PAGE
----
Since its arrival the BBC has been buzzing with activity, not only with the chirpy sound of games downloaded via the amazing UPURS cable, but also for more productive tasks, like writing out articles for this blog. Thus far two articles for BMV have been written from the BBC, all thanks to the installed WordWise rom.
I would love to give you a breakdown of the whole program, but that simply is beyond the scope of my understanding of WordWise at the moment. I’ve not been using it long enough to be classed as an expert. I think I fall under the category of “crazy button pusher”. What I would like to do instead, is demonstrate how old computers can still be useful for modern tasks. If your looking to avoid the distractions of Facebook and flash games and become more productive, a BBC Micro might be for you.
Unwrapping the BBC
When the model B arrived at my door, I didn’t have a clue how to work it, which was one of the primary things that appealed to me, working from a clean slate with no previous knowledge. Thanks to the generosity of a fellow Amibay member the BBC, Monitor and floppy drive where given to me for the cost of postage and a few beers. I can not thank the person in question enough, nor should Amibay be overlooked. This is an excellent forum, full of like minded computer users, geeks and collectors alike. The artificially high prices of vintage computers on Ebay, makes collecting a mind field for anyone on a budget.
Inside the box the Beeb and monitor had arrived in, I found a copy of WordWise Plus with rom and manuals, as well as some floppy disks. Also amongst all of this was a copy of “The Complete BBC Computer Handbook”. For the first few days of having the computer, this book was like a bible to me. It did not cover disk use in depth, but it did skim the subject enough, that I was able to access the disk drive and boot up the Watford Utility disk which came with the Watford 40/80 drive.
Not having any of the original manuals for the BBC, certainly handicapped starting out, however using this book certainly got me off the ground. After a while I turned to the internet and found a forum dedicated to Acorn computers, which really helped bring things together. I highly recommend anyone with an interest in Acorn and the legacy of this British built computer to visit “www.stardot.org.uk”.
This forum is filled with some of the most helpful people I’ve had the pleasure to meet online. After registering and introducing myself, I asked a few questions and was offered a wealth of information and tips, which really helped me master some of the more tricky parts of using my Beeb. Again most of the questions I put forward would likely have been covered in the DFS or BBC Micro manual, both of which I didn’t possess. It was through this forum I was able to get my own copies, store them on my Kindle and stuck my head in them.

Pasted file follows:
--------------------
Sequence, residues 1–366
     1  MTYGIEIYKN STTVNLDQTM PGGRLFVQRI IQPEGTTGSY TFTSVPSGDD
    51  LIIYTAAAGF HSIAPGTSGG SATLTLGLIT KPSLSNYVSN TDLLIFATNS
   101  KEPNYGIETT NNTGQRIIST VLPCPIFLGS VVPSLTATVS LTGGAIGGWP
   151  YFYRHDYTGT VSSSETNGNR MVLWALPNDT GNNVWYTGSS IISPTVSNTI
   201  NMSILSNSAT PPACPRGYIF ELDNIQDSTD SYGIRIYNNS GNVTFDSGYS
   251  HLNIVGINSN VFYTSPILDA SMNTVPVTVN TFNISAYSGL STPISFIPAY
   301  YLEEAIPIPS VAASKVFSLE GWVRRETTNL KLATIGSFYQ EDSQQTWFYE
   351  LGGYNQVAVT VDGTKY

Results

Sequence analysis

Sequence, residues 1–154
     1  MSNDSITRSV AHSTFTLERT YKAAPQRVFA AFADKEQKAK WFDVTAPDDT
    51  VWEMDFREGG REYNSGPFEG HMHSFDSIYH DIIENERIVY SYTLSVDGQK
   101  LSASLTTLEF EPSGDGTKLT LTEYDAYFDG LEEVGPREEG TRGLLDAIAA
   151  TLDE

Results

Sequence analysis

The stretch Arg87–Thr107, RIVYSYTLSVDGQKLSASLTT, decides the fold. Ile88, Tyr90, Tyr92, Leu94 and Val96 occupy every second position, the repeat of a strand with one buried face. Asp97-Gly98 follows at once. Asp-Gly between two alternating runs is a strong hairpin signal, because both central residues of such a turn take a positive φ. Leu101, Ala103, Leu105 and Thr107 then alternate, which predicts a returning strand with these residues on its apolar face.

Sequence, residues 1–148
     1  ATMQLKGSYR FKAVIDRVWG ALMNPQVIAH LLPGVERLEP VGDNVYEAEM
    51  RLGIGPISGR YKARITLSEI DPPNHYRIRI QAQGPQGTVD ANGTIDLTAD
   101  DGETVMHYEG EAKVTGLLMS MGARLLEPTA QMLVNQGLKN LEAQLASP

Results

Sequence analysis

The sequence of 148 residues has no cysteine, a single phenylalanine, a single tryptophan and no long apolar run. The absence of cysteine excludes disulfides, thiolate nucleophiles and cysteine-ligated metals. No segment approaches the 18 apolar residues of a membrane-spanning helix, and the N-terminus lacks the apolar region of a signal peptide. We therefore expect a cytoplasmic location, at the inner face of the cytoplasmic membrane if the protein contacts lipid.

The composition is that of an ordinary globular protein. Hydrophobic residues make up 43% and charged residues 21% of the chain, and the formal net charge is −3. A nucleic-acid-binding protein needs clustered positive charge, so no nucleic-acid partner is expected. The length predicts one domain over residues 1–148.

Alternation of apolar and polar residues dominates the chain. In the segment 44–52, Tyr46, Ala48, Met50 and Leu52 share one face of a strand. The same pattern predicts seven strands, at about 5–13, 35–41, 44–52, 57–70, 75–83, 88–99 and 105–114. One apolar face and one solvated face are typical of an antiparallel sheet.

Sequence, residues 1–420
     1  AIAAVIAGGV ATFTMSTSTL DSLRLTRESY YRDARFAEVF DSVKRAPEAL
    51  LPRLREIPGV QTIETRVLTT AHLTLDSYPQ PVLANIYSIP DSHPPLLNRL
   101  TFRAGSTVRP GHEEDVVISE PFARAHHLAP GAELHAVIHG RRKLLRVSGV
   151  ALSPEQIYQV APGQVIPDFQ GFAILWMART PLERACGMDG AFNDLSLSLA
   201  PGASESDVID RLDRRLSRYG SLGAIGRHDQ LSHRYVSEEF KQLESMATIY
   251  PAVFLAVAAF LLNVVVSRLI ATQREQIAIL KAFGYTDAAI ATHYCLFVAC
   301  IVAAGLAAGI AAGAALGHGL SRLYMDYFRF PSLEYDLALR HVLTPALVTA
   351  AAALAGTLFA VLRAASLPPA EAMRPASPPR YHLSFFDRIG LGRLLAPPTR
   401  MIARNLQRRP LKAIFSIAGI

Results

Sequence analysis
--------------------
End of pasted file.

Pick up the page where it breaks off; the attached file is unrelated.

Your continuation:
After reading the manual to my model B, I was a little disappointed that disc usage wasn’t covered extensively. At the time the Model B was on sale, a lot of software came on casette tape. Which the manual covers pretty well but for some reason only skims floppies. Did Acorn not think it would catch on? What ever the reason, it was certainly a stumbling block.
After working out the floppy drive, the next step was getting the micro up and running with WordWise, which meant opening up the computer.
In the next weeks blog I will be covering installing a rom, using WordWise plus and why a cable and a rom chip saved my bacon.
So about a month ago I was toying about with the Beebem on the Nomad. A great emulator and well worth installing if your running Linux and happen to have a soft spot for retro gaming. However as is often the case with me, my thoughts drifted to the acquisition of a real BBC Micro, specifically a model B. Mainly because it was the model B, which I remember using at school and for some reason I always made sure I was sitting with this particular series. I honestly have no idea where this affinity with the “B” comes from.
So with that thought well lodged in my mind, I posted a “wanted” on the Amibay website, asking if anyone
had an old Beeb gathering dust in a closet, which they’d be willing to give a new home. After several weeks and no resp
onse what so ever. I concluded it had been a good idea, but people where holding tightly on to their micro’s and I really did not have the funds to buy one from Ebay. If you consider a monitor, floppy drive, Model B bought all together or separate, the postage alone is worth crying over.
Then the unexpected happened, I hadn’t been on Amibay for several days and was surprised to find I had an email waiting for me when I logged in at the beginning of this week. A very polite message asking me if I was still looking for a BBC Micro and if I was, I could have one, with monitor, floppy. All for the price of postage and a couple of beers. Yes you did read that right, I’m not pulling your leg. There still exists generous people on the T’interweb!
As one might imagine, I took my time typing out a reply at around 30 letters a seconds! No sooner had I sent my reply. I received a response, saying the Beeb was still available and mine pending funds to cover the postage and consumption of fermented vegetable products. So without further ado, money was sent as soon as I had it to send. Now all I have to do is wait until next week, when hopefully the courier will be gracing me with a new addition to the vintage collection.
Finally have the last ingredients for making the retrobrite formula, originally I had intended to test the process out on a defunct A1200, but now my candidate shall be an aging Gameboy. Which sadly has succumbed to the effects of yellowing plastics. Watch this space for news on how I get on.